Be true to yourself. Follow your dreams. Search deep inside for the real you. This is confusing stuff! Sure, these sentiments sound nice, but they are so subjective that you never know when you have arrived at your actual self. We all come to terms with this question of who we are many times throughout our lives. There are various methods people use to define their identities. Some use a job title or education status; others use their popularity or physical attractiveness. Sadly, some identify themselves by their mistakes in life and never seem to move past them. Then there are wealth, health race, family, neighborhoods, fame, and talents that define us…
C.S. Lewis challenges us to stop looking. In fact, he wants us to try to forget about ourselves altogether. We are looking for the wrong person, he says. Have you ever noticed when someone is trying too hard to make a good impression on you? Sure you have, and if they realized it too they probably ended up asking, “Can we start over?” Lewis says that the same principle applies here. He also compares it to the artist’s quest for originality. The truly unique are those who are just pursuing truth.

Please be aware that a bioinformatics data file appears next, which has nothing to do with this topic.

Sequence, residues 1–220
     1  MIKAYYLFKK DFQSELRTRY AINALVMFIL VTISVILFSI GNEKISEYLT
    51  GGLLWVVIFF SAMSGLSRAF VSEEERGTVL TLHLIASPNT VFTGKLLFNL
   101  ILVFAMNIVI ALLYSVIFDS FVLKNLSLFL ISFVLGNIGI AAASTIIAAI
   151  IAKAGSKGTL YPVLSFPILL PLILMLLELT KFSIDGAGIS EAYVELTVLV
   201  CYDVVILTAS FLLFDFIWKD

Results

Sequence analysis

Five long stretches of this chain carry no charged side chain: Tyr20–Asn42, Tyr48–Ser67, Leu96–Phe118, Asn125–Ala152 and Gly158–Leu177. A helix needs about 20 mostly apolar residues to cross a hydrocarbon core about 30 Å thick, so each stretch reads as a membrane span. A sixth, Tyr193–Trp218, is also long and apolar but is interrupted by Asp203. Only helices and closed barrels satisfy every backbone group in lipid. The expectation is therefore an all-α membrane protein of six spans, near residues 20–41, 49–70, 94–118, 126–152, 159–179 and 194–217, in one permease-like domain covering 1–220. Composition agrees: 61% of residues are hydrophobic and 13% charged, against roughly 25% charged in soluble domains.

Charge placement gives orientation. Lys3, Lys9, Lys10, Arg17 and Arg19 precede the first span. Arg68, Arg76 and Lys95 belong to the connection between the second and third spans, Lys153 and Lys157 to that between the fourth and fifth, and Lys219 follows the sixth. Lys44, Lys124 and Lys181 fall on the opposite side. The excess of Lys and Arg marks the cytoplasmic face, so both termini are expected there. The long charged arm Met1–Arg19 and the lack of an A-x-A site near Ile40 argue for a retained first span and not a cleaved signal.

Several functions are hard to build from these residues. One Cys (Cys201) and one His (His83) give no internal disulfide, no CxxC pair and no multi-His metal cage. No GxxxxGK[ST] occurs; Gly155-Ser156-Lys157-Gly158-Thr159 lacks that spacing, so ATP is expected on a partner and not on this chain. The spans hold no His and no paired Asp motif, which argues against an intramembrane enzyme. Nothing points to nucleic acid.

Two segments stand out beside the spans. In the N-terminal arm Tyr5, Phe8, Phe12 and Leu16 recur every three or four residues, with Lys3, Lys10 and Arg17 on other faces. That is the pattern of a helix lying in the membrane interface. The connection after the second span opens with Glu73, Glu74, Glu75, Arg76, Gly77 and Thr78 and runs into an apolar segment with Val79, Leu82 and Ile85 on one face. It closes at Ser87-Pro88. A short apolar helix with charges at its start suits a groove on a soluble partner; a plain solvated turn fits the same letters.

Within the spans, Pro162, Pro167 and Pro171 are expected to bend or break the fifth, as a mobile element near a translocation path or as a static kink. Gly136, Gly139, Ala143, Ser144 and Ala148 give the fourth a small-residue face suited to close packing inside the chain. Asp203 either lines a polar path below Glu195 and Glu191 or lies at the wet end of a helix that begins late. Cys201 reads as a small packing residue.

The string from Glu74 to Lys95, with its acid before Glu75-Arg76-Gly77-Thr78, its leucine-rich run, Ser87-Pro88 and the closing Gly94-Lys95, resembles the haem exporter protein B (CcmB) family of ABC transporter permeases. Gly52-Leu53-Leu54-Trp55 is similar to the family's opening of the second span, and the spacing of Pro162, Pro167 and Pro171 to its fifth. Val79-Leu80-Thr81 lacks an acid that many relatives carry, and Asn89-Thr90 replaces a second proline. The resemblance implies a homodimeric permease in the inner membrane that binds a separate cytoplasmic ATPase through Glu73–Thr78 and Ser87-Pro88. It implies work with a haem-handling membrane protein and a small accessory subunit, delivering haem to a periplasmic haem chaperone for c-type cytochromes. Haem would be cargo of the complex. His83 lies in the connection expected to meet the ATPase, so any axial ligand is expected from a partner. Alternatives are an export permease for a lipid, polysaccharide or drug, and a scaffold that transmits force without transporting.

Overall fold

The principle runs through all life from top to bottom. Give up yourself, and you will find your real self. Lose your life, and you will save it. Submit to death, death of your ambitions and favorite wishes every day and death of your whole body in the end…and you will find eternal life. Keep back nothing. Nothing that you have not given away will truly be yours. Nothing in you that has not died will ever be raised from the dead. Look for yourself, and you will find in the long run only hatred, loneliness, despair, rage, ruin, and decay. But look for Christ and you will find Him, and with Him everything else thrown in (1).
This wonderful wisdom from C.S. Lewis is way different from the self-assertiveness our culture seems to promote. All too often, we are encouraged to find ourselves by chasing some dream or ambition. We can do a killer job building up for ourselves an image that we would like to portray to the world around us. But all this is a veneer covering over what is really there. I think that we all struggle in this area.
This is an excerpt from my book, Housewife Theologian. It comes from chapter four, Hear Me Roar, p. 73-75.
(1) C.S. Lewis, Mere Christianity (1952; repr., New York: HarperCollins, 1980), 226-27.